Less than 30% of individuals interviewed reported facing no barriers when implementing what they learned at The National ADA Symposium. The most prevalent barrier reported was funding. One person reported that management at their work is resistant to implementation of ADA standards due to their economic situation. He said that the management is constantly saying ‘later, when the budget gets better.’ Another highly prevalent barrier was resistance or getting people to ‘buy in.’ One respondent reported that he encounters people who say ‘this is the way it has always been, so why change?’ making it difficult to get people to agree to implementing ADA standards. The next most prevalent barrier reported was attitude. One individual reported, ‘There is always reluctance on the part of some public and private entities to implement ADA [standards] because it requires change, effort, and money; it has been difficult to convince both public and private entities that it is worth it.’ Other barriers encountered include complicated laws, ignorance, lack of knowledge of standards, limited access to technology, limited understanding, non-compliance, and time.

When asked what kinds of resources would further empower them to take action or implement the information learned at the ADA Symposium, the responses fell into two subcategories as some responses identified resources that could be provided by The National ADA Symposium and some identified ‘general’ resources that would be helpful but cannot be addressed by the regional ADA Center or National ADA Symposium. The majority of responses that qualified for the ‘general’ category named additional funding as the most needed additional resource. One respondent stated, ‘limited funding produces limited results.’ Another common suggestion was further online resources such as online training, information, and webinars. One respondent felt that online resources would help everyone stay current with ongoing changes and trends. Respondents also reported that facilitating partnerships between ADA Coordinators and County Coordinators and offering more network opportunities for ADA Coordinators would be beneficial. Other suggestions included more active participation from persons with disabilities, determining strategies regarding how to get local officials more involved, and providing clearer guidelines.

The remaining responses to this question focused on ways to improve the outcomes of The National ADA Symposium, though a common response to this question was that the resources offered at the symposium were sufficient and there were no further resources needed. A suggestion from several of the respondents was for the symposia to offer more resources for ADA coordinators such as an online bulletin board and an ADA coordinator panel at The National ADA Symposium where ADA coordinators could give each other feedback about successful programs in their community and work place. Another suggestion was to provide more detailed information about who would benefit from specific sessions held at the symposium. Further suggestions were to provide more specific information for federal agencies, focus on providing accessibility to persons who are hearing impaired, offer continued training, and provide staff training for ADA coordinators.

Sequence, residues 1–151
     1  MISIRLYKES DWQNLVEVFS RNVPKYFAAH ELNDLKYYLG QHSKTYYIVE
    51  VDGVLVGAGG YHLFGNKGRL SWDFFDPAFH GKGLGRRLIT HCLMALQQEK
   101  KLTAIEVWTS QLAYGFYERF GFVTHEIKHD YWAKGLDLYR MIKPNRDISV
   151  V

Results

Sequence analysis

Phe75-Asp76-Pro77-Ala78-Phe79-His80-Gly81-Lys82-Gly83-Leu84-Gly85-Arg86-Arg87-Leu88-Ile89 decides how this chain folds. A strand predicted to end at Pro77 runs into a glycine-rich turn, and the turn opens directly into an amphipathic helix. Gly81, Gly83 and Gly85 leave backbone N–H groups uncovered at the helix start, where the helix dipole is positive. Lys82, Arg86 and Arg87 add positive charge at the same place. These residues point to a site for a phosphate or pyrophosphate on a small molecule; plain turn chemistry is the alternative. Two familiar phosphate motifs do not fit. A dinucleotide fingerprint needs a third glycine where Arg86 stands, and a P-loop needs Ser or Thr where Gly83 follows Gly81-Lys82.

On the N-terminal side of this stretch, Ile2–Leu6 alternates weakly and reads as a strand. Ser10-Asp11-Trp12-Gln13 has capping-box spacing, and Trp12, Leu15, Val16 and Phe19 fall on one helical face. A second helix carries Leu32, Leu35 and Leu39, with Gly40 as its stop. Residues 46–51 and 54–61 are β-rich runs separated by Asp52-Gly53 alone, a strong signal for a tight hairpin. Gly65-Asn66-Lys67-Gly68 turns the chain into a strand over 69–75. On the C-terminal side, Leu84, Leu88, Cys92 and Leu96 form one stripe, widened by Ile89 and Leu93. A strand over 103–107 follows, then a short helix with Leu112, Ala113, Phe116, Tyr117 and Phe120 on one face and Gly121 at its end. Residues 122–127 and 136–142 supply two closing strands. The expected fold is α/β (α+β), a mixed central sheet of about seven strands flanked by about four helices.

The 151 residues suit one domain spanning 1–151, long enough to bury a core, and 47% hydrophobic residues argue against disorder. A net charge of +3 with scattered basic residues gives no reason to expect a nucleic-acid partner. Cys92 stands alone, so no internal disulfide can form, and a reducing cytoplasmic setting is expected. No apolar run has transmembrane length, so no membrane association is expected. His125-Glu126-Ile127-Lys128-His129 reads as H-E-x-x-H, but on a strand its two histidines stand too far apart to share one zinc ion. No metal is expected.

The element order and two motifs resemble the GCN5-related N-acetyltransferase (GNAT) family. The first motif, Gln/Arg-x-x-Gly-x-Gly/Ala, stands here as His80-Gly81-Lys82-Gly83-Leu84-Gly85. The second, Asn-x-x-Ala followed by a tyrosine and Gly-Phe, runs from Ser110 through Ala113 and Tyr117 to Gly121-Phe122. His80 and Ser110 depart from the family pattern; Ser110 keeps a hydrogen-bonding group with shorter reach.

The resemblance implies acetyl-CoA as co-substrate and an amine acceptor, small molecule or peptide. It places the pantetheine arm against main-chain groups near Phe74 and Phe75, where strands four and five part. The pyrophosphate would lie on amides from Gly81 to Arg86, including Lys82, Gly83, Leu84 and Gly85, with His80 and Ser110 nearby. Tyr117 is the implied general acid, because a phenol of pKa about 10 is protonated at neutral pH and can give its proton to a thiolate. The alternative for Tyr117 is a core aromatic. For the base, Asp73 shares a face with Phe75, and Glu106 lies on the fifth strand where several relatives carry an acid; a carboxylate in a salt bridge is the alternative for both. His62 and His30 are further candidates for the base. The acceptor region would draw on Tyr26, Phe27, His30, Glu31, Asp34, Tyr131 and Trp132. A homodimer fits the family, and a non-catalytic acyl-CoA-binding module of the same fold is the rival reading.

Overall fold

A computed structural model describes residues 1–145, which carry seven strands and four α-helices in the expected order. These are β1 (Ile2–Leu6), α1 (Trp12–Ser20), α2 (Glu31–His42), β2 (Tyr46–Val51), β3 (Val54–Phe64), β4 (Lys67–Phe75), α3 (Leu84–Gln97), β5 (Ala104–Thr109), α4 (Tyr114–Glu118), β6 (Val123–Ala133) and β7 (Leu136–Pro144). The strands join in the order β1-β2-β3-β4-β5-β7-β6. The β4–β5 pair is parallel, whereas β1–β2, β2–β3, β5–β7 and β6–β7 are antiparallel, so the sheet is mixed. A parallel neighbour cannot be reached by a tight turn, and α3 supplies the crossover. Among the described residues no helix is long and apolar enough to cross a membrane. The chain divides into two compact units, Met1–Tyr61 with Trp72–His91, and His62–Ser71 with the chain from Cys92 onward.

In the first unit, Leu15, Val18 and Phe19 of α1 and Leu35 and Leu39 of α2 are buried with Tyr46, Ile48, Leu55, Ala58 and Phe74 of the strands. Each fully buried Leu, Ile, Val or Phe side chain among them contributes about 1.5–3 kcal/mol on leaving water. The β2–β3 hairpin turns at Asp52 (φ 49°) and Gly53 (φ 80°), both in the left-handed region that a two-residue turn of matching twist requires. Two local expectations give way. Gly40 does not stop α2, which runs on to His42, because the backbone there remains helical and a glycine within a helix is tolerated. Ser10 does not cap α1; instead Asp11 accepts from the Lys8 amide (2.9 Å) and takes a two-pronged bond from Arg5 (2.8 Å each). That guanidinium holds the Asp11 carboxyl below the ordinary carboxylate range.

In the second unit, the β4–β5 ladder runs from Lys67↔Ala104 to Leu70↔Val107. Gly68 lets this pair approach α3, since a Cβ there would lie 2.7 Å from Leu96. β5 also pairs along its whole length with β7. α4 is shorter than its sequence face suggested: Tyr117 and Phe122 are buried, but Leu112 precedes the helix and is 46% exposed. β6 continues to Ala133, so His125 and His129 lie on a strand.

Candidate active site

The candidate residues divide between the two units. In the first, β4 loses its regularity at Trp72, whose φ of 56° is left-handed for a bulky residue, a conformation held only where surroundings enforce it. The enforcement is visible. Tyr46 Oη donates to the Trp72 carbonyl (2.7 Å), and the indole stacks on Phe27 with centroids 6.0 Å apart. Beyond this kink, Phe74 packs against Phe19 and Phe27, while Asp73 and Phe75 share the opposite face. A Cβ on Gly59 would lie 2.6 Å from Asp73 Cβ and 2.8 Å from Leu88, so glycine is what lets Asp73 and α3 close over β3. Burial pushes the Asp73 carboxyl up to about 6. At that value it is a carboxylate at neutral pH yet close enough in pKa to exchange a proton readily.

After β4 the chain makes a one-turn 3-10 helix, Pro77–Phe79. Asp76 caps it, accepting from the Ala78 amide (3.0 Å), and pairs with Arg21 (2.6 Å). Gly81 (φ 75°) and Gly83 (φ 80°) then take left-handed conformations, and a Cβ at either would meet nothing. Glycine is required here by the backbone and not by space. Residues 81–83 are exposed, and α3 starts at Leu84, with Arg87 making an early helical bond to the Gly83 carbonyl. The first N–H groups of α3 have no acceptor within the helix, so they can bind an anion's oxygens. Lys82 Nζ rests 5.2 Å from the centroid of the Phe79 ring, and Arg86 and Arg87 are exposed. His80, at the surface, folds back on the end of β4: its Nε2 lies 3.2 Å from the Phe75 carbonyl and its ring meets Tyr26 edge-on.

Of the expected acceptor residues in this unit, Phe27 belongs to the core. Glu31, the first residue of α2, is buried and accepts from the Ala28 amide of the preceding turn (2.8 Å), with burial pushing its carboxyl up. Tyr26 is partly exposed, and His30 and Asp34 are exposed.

Discussion

Results from this study showed that in general, participants perceived that the National ADA Symposia was effective in increasing knowledge and skills regarding employment and/or community participation and were implementing knowledge gained in these settings.  These results are consistent with the literature (Rumrill 1999) that showed increased knowledge and confidence of participants with disabilities following an experimental training program. This training included ‘didactic instruction, role plays, a rehearsal, feedback and monitoring’ (26). Rumrill also incorporated social competence training, which is consistent with comments from participants from this study who wanted more active involvement of persons with disabilities in implementing change.  Barriers identified in the survey are also consistent with the literature especially with regard to and ignorance of how to appropriately work with and meet the person’s accommodation needs (Kaye, Jans and Jones 2011; Mangili et al. 2004; Scheid 2005, Wolf et al. 1996). 

According to the results of this study, knowledge gained from the Symposia was implemented at both the workplace and community level, consistent with Wolf et al. (1996) and Rumrill (1999) who showed a desire from participants for more active involvement of persons with disabilities to help implement knowledge gained. However, implementation also occurred at the employer level, which is important to address knowledge gaps identified in the literature (Kaye et al. 2011; Mangili et al. 2004; Scheid 2005). In addition, Hayden’s (1992) study found that having persons with disabilities discuss problems they face in the workplace with businesses and employers helped employers alter their views on hiring persons with disabilities. Therefore, results of this study, consistent with the literature show that this type of training provides valuable information for various stakeholders with regard to implementation of knowledge in employment and community participation.